There is no exhausting the sources that may have shaped Goblin Market. I've just been reading Mary Cowden Clarke's The Girlhood of Shakespeare's Heroines published in three vols 1850-52 in which she created prequels for fifteen female characters.
I am struck by a parallel between Christina Rossetti's tale of Laura and Lizzie with that of Cowden Clarke's Ophelia and her rustic companion Jutha. [ Ophelia, as you did not know, was fostered with a peasant family while her parents served as Danish ambassador and wife in Paris.] Daily Jutha and Ophelia wander the fields and woods, until they meet a fine nobleman out riding, who dallies with and seduces Jutha; pregnant, she then pines and dies.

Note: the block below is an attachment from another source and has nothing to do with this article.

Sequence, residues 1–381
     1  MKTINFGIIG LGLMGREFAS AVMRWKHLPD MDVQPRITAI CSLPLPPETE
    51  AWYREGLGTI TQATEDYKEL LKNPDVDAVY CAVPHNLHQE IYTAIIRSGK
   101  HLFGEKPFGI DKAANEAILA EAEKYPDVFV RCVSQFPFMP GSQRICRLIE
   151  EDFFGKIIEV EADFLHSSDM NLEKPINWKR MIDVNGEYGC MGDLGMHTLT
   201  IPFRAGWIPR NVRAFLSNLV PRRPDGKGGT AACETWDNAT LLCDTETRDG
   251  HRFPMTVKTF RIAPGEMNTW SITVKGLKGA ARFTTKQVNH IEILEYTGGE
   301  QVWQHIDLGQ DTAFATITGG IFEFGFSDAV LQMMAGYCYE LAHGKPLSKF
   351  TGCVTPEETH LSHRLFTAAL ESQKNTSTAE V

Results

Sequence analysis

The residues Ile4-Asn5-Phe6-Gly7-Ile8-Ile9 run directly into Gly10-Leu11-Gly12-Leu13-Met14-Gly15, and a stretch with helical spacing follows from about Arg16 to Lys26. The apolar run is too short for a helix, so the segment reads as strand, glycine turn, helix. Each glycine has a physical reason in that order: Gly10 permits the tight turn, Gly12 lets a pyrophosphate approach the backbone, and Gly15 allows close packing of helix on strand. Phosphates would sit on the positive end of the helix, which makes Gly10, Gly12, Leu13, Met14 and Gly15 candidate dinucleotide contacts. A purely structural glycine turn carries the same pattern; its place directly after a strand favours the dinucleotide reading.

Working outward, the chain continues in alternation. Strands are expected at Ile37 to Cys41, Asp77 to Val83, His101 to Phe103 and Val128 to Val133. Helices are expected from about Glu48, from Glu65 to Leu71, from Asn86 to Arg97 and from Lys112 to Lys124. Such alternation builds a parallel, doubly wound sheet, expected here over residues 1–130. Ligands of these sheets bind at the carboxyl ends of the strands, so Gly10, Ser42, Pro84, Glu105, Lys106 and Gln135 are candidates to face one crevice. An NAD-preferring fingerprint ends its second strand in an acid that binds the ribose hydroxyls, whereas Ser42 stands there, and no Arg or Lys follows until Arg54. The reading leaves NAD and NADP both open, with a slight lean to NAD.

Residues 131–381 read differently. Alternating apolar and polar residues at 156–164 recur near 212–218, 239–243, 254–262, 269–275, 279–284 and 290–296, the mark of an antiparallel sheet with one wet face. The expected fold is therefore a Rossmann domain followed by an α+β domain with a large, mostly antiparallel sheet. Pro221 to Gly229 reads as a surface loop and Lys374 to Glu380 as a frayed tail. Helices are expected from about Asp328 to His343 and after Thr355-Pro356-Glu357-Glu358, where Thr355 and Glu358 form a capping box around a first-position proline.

It's only a fore-echo of Goblin Market, but one can imagine Christina reading Clarke's book to the girls she taught in Frome and at Highgate Penitentiary, and then 'borrowing' some of its elements when her poem about temptation and seduction was conceived around 1858-9.